Last week, I learned that Borders Books and Music is about to leave this earth forever. While I was truly saddened to learn of its demise, there is something I have to get off my chest. So let this serve as an admission of my guilt and an official confession.
I am a murderer. I killed Borders.
First of all, I suppose I should come clean. Borders was not my first “brick and mortar” bookstore experience; I remember spending hours in B. Dalton and Waldenbooks in my youth, as well as Barnes and Noble. And of course there was the Beloit Public Library. But for the last half-decade plus, there has been something special about Borders. Whether it was the proximity to our house, or the convenience of being able to hang out there before and after seeing a movie at the mall, I’m not sure. But my heart has held a special place for Borders, which by definition makes this a crime of passion.
Borders was where I saw my wife for the first time. We shared a coffee and smiles, and I bought her a copy of The Time Traveler’s Wife there. We kissed in the parking lot. Over the years our daughters have enjoyed numerous story-time sessions and have come to view Borders as a shopping destination second only to Target in sheer awesomeness.
We have parted with much coin at our local Borders. But that doesn’t change the fact that there is blood on my hands. I may not have pulled the trigger, but my hands were on the grip. I killed Borders.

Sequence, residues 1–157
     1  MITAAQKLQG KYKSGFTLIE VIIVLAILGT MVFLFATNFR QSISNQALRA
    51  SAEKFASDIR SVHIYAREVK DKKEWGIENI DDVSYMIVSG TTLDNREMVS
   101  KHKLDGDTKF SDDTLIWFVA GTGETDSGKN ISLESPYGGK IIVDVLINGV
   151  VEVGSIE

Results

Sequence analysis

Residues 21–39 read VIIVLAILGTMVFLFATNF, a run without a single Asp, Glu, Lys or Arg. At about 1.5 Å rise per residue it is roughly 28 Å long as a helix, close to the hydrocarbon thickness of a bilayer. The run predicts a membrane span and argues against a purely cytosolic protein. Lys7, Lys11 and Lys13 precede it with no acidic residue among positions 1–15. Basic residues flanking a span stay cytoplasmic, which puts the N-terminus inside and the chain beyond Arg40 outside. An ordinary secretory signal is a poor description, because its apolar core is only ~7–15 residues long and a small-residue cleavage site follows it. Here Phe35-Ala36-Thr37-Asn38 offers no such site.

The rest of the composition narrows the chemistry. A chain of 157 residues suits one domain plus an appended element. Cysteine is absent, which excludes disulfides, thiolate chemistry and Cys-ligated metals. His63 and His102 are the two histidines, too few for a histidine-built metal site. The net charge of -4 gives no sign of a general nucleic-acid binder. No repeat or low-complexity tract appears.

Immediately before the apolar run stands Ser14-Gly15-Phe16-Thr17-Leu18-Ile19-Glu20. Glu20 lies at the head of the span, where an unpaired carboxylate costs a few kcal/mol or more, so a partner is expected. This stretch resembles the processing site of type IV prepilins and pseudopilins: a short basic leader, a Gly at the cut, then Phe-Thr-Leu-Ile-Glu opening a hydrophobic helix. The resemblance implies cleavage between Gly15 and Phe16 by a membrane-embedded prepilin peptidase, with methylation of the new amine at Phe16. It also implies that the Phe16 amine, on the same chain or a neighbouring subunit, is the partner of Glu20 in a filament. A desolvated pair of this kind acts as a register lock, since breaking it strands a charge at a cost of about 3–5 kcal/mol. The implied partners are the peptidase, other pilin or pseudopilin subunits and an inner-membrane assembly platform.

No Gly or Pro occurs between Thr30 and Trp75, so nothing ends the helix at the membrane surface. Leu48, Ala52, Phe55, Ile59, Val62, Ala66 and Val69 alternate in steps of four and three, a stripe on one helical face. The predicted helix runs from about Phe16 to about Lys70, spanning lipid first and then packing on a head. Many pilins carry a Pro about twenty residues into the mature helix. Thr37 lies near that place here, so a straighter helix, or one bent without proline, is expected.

Can I be blamed for falling victim to the seductive wiles of free shipping, unlimited selection, and low price guarantees? I love the indescribable pleasure that my finger feels after I’ve clicked my mouse and made a purchase …
My mistress — let’s not be coy; her name is Amazon — first courted me years ago by offering me half-price DVDs on Tuesdays. Now I consult her for everything; she has replaced Best Buy, Fry’s Electronics, eBay, and, yes, Borders as my preferred shopping destination for the cool stuff that I think I need. I’ve even used my phone to take pictures of books I’ve leafed through at Borders in order to check the price on Amazon.
It’s embarrassing to admit that, but confession is good for the soul, I guess.
When I explained to my 6-year-old about online shopping and Borders’ demise, she asked, “Why would anyone get in their car and drive to the bookstore?” Why indeed.
I mourn the loss of Borders. And as the guilty party, I can only offer my sincere condolences to the victim’s family. I feel, however, that I must also share this troubling fact.
I can’t stop.
While I’m not sure who my next victim will be, I do know that this isn’t over.